Oklahoma City Research Paper

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How Oklahoma City Became the Capital of Oklahoma Many people know the Oklahoma’s state flower is the Oklahoma Rose, the state animal is the buffalo, and the state flag honors the state’s Native American heritage by including an Osage warrior’s shield with an olive branch, a peace pipe, and seven eagle feathers on a blue background. Additionally, many people know that official salute is: “I salute the flag of the State of Oklahoma. Its symbols of people unite all people.” But how many people know that a vote in 1910 determined that the state capital should be moved from Guthrie to what was then known as Oklahoma Station, which since 1923 is known as Oklahoma City? The United States obtained most of the land that is now Oklahoma in 1803 when the country paid France $15 million for the Louisiana Purchase. In 1890, the United States Congress passed an act that officially created the Oklahoma Territory. During its years as a territory, the United States government declared Guthrie to be the capital of the area despite the fact that a number of other towns wanted to be the capital. At the time, Guthrie was a railroad station stop on the Southern Kansas Railway, and it had a post office. Within hours of the United States government’s announcement that “Unassigned Lands” in a two million acre section of the Indian…show more content…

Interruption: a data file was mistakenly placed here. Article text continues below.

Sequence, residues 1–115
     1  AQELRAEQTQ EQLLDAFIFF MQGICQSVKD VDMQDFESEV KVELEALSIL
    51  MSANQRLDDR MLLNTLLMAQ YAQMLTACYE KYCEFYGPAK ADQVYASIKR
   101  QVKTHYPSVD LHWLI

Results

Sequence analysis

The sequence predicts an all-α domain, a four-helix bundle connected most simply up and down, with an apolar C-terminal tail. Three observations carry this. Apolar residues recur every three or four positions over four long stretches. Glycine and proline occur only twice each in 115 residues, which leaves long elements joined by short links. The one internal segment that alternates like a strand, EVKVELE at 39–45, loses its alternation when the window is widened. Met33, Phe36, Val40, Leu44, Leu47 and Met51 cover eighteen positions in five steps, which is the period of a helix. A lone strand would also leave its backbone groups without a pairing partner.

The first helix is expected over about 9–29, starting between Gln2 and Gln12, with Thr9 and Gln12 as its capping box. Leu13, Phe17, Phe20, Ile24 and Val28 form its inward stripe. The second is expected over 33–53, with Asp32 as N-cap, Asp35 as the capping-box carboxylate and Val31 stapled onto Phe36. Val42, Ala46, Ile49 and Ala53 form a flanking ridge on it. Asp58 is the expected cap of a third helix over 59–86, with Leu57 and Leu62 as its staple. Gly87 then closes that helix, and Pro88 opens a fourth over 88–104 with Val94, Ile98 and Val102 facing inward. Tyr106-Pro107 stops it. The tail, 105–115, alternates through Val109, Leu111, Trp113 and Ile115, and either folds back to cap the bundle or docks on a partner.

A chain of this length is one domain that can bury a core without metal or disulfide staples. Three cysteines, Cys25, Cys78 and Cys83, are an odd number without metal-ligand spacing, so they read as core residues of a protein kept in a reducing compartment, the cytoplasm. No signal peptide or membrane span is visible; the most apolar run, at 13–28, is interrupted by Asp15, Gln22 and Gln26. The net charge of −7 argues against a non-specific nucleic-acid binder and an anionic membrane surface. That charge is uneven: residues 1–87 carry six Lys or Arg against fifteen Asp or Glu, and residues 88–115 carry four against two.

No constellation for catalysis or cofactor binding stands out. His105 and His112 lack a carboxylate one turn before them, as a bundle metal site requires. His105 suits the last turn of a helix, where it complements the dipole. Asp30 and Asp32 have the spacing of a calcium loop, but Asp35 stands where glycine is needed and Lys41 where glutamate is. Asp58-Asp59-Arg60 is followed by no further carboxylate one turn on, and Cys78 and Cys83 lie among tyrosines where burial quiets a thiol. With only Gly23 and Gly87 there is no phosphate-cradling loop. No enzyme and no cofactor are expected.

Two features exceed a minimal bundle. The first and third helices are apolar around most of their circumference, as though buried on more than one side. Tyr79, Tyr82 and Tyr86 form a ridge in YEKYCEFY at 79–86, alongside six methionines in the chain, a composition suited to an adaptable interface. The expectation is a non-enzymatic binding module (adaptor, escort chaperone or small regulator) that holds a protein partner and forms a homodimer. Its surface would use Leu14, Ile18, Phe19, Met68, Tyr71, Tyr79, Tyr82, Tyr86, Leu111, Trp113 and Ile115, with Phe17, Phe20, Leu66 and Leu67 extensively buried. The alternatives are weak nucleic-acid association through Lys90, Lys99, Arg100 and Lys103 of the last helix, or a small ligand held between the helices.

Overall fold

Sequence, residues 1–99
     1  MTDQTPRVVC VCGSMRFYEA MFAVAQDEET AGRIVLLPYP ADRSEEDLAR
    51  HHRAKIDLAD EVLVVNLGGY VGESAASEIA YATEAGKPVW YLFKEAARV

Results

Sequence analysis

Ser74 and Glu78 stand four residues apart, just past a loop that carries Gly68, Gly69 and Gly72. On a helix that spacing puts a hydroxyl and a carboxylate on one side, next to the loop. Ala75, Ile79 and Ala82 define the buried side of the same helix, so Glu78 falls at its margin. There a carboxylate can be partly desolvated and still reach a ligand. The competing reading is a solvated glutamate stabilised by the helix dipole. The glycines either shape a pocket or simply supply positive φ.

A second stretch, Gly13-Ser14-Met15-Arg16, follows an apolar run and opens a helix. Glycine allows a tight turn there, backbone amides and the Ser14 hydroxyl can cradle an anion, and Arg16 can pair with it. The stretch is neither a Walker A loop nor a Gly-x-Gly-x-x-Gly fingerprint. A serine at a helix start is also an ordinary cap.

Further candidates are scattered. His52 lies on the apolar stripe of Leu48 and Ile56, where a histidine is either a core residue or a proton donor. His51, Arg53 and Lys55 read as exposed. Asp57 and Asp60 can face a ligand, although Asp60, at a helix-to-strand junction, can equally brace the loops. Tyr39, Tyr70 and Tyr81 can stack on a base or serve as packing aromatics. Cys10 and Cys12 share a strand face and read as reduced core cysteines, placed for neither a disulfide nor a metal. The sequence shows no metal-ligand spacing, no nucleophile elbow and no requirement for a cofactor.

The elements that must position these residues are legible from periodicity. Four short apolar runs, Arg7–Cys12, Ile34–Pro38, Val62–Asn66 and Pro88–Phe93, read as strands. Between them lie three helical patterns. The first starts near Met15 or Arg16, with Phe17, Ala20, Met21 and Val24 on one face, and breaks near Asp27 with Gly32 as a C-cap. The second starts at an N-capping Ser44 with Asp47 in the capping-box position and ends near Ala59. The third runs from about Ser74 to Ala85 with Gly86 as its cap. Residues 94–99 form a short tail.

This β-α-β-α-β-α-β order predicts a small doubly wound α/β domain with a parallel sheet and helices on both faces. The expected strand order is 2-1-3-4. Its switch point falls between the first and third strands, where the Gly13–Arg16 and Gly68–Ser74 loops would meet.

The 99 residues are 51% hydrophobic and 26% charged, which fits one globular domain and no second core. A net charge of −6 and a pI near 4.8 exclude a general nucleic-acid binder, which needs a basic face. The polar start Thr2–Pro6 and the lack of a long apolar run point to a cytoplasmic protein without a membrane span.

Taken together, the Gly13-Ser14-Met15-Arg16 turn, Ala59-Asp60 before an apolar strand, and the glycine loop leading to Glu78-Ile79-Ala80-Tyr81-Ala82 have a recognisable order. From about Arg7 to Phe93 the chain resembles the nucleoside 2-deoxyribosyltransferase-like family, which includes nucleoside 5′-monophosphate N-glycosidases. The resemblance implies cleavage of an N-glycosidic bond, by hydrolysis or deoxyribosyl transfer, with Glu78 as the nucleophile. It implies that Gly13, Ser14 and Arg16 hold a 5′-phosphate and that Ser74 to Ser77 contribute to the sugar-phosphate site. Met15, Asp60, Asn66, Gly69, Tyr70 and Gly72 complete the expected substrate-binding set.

Along with creating a Constitutional Convention that was charged with writing a state constitution, the act specified that the capital of the state of Oklahoma would remain in Guthrie for a minimum of six years. On June 11, 1910, 135,944 people let their preference be known about which city should be the capital of the state. Of the ballots casted, 96,261 votes were for relocating the capital to Oklahoma City, 31,301 voters wanted to Guthrie to remain the state’s capital, and 8,382 people wanted to move the capital to Shawnee. The voters overwhelmingly wanted Oklahoma City to be the state
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